It’s somewhat odd to talk about A Wrinkle in Time, Ava DuVernay’s adaptation of the classic novel by Madeleine L’Engle. It is loud and imprecise and soft, and those are all things it wants to be—a movie categorically made for children and tweens. But it is at the cost of all things the book was about, which was a surprisingly dark tale about death and conformity and faith.
This begs an interesting question of what is critical in an adaptation. Many have thought—and correctly known—that L’Engle’s works wouldn’t translate one-to-one to a screen in anything resembling success. Her writing works in the theatre of the mind but falls out of the physical mouth like Picasso-drawn tetrominoes. Character quirks will almost too obviously are impossible to commit to real life without a distracting amount of awkwardness.
And that’s all true. But those are also some of the few components of the story that make it through untouched while the more complex themes were left by the wayside. It’s the clear consequence of the Disneyfication of an existing property, removing the overt Christian elements (thankfully, though this also excises the themes of just general faith), the parts about sameness (in a company that makes its money by extruding fans through mouse-shaped holes), and flattening of the validity of crises.
Personally, I detest comparisons between source material and adaptations. They stand apart because they belong to separate mediums, and ideally, they would embrace the strengths of their extant proscenium. (It’s kind of related to why I hate comparing originals and sequels/prequels.) But here, it’s worth noting because of what gets lost—what is given up for the sake of transliteration. After all, no two-hour movie is going to be able to encompass the same reach of a few hundred pages of taut writing.
Instead, what the movie does focus on is something more resembling the broad concept of confidence or generosity. Meg Murry (Storm Reid) is a young middle schooler and daughter to astrophysicist Alex Murry (Chris Pine) and microbiologist Kate Murry (Gugu Mbatha-Raw). She’s a gifted student but begins to turn to troublemaking in the four years since her father randomly goes missing amidst his research into folding and traversing space and time. This leaves her, her mother, and her adopted and genius brother Charles Wallace (Deric McCabe) on their own to cope with the fallout of his disappearance.
Suddenly, one day, a stranger by the name of Mrs. Whatsit (Reese Witherspoon) shows up in their house apparently as Charles Wallace’s guest. It’s odd, but nothing compared to when she and her compatriots Mrs. Who (Mindy Kaling) and Mrs. Which (Oprah Winfrey) show up to whisk them and Meg’s surprisingly game classmate Calvin (Levi Miller) to an entirely new planet far, far away to look for Meg’s father. They are mostly stopped, however, by a darkness known as the It, an evil force that seems bent on destroying…anything?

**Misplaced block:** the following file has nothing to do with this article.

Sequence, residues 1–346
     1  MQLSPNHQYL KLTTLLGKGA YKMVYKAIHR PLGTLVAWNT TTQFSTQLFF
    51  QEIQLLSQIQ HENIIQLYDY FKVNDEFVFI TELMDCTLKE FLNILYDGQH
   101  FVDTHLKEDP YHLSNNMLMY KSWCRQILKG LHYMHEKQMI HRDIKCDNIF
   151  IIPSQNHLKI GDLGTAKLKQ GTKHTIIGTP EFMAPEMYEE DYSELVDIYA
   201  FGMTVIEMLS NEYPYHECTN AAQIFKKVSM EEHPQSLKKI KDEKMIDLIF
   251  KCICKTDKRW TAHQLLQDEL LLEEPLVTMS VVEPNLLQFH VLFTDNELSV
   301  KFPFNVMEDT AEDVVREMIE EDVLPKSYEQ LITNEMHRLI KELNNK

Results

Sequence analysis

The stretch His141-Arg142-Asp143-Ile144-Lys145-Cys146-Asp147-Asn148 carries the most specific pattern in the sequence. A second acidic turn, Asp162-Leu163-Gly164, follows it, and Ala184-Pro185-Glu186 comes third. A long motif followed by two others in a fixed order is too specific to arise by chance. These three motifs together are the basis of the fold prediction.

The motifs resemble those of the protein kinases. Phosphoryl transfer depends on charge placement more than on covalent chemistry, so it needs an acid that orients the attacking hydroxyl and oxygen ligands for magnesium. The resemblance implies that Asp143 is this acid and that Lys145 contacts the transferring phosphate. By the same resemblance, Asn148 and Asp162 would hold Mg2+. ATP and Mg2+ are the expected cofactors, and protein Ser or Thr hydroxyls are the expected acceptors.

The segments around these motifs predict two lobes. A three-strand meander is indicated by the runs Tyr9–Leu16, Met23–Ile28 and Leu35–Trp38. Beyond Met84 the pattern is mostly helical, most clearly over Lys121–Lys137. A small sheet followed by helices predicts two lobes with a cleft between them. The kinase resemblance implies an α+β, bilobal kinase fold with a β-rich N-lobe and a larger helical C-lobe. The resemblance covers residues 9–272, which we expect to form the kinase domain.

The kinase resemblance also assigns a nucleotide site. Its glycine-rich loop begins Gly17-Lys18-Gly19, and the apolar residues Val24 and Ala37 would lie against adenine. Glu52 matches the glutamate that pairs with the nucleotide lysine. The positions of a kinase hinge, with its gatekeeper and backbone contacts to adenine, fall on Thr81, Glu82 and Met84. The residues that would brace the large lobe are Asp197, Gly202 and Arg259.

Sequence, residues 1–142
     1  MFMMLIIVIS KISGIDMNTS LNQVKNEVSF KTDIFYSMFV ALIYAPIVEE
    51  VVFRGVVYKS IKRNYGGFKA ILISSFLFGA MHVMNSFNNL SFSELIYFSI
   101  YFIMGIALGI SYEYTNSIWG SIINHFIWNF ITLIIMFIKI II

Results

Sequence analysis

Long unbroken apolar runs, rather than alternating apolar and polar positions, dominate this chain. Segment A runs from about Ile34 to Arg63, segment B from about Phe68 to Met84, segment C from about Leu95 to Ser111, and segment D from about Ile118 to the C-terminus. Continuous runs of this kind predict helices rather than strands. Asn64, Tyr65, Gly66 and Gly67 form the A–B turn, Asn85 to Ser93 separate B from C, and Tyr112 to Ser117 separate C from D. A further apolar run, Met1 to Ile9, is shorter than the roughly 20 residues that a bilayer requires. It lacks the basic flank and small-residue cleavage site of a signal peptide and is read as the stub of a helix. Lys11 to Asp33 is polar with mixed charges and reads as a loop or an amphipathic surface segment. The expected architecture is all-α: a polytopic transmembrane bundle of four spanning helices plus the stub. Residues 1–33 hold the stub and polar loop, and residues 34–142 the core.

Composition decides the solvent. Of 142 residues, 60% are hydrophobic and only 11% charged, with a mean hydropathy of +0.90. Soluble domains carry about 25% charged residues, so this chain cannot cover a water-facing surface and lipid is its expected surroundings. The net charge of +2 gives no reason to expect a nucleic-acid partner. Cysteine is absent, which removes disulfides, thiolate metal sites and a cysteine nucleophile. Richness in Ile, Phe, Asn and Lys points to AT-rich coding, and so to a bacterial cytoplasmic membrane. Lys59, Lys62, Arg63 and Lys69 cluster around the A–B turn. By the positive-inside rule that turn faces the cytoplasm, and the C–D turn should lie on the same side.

It’s fairly ill-defined, and that’s ostensibly fine for what’s going on. It’s vaguely spiritual, it reduces complexity to the simple dichotomy of good versus evil, and it just wants to bop around from scene to scene like a hyperactive book report. It’s a shame because that premise is a rather tame conflict; we all know good is, well, good and good always wins. The It was originally a massive, unstoppable engine of homogeneity, a thing that wants to strip you of everything that is you and push you into a popsicle mold.
What is more identifiable for a teen than that? Fighting back against this lure—this seduction—of conformity. (Though it does burst through naturally via the impressively and gratefully diverse cast and production team.) Worry about nothing and everything is easy when everything inside of you is screaming to be yourself, compounded with the core fear of reliance on adults. Or rather, the realization that adults and authority figures can’t solve all of your problems and that you have to take charge yourself.
Granted, it touches on this, but only in the lightest touch. Meg’s “faults”—movie parlance for things that make her unique—only come up in the resolution. Specificity in acceptance is smashed down into this monotone refrain of something love-adjacent. It hammers home what feel like the most inconsequential anchors only to later reveal that it was all inconsequential. It generally just feels scared of believing in its audience—of reach its hand out for something grand.
And as said earlier, that’s what the movie is going for. The stunning visuals may land flat at times (Mrs. Whatsit’s, uh, leafy transformation) and the gags may furrow the brow (Mrs. Who’s inability to speak in anything besides direct quotes of other people) and the action may be uneven (that wall scene), but does it matter when the target audience won’t even notice? Obviously yes, but not to them or to the box office.
For those that it matters to, however, it comes back down to that question. The question that is begged by when an adaptation seems to eschew the best parts of the source and seems to yearn to tell a completely different story. Was A Wrinkle in Time the right property to adapt for what Ava DuVernay wanted to achieve? Probably not. And neither is what Ava DuVernay achieved worth watching.
Final Score: 5 out of 10